Nearest and Dearest
Color, 95 minutes
In Russian with English subtitles
Director: Kseniia Zueva
Screenplay: Kseniia Zueva
Camera: Mikhail Vikhrov
Music: Mariia Zhulanova
Cast: Andrei Stoianov, Elena Chekmazova, Nadezhda Ivanova, Danil Steklov, Danil Mozhaev,
Producer: Katerina Mikhailova, Vladislav Pasternak, Igor’ Fokin
Production: Vega Film, OvalGrid
Nearest and Dearest tackles the dissolution of a stable familial structure within contemporary Russian society. This is by now a relatively well-worn trope, rehashed in numerous recent Russian dramas and endorsed outright by pro-family government policies, and for this reason most interpretations of the film compare it to Andrei Zviagintsev’s Loveless (Neliubov’), released in the same year. Although, in the press circuit leading to the film’s premiere, director Kseniia Zueva claimed not to have seen the film, nearly every interview has drawn parallels between the two directors, with one even naming Zueva “the female Zviagintsev.” Arguably this comparison will be the greatest legacy of Zueva’s film debut.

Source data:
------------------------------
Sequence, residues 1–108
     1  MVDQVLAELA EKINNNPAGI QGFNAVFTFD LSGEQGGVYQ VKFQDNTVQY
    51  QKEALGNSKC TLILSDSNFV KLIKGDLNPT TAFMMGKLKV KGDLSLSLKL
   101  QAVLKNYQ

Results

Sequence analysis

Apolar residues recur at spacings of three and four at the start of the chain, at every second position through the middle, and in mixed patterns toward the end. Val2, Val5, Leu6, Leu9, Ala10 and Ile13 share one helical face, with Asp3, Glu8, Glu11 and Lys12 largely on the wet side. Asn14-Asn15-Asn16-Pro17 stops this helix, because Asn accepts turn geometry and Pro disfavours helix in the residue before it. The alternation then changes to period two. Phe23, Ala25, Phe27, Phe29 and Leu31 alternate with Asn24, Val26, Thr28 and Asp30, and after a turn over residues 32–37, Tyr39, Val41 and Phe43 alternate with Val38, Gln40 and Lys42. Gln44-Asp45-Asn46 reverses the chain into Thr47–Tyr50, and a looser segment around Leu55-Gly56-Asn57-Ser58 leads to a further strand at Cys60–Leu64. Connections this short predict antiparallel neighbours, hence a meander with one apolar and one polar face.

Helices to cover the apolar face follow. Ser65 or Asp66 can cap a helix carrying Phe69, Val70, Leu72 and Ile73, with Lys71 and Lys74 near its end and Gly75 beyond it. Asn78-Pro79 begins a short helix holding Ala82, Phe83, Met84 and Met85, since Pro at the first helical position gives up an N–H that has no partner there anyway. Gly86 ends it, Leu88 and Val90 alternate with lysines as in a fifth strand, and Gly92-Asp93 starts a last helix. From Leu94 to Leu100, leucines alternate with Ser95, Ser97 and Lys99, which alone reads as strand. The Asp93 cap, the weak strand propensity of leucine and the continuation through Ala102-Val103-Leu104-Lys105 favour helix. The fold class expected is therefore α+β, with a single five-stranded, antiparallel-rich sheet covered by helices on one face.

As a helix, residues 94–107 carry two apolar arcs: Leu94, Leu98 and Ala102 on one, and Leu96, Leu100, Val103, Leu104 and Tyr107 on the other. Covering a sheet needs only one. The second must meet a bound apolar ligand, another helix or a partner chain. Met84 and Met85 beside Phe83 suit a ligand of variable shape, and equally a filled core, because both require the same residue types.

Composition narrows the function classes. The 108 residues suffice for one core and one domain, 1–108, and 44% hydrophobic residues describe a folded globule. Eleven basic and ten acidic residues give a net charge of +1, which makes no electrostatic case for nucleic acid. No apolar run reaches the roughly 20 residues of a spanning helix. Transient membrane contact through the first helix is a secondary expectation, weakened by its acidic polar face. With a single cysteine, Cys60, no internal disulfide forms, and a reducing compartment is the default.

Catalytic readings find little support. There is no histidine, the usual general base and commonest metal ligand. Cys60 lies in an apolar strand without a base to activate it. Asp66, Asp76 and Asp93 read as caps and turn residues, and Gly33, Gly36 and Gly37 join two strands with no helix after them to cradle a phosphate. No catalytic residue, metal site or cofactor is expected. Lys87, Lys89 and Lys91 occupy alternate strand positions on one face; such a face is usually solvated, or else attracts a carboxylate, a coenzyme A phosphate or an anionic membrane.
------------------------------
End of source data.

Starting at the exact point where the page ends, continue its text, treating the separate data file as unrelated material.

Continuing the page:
One can of course enumerate the important contrasts between the two films with regard to this theme, but in general both highlight a contemporary existential threat to the “Russian Family” as a societal moral repository, on which the culture at large relies as a source of its goodness, kindness, and generosity. To this end, the members of the family, husband Fima, wife Katia, daughter Ania, and son Andrei are all shown in various states of familial breakdown. Fima commits adultery, Katia is suicidal, Ania has an eating disorder and keeps bad company at school, and Andrei suffers from alcoholism. The family’s grandmother is their only source of positive values, so that the distinct possibility of her permanent disappearance symbolizes a larger rupture with healthy socialization in contemporary Russia.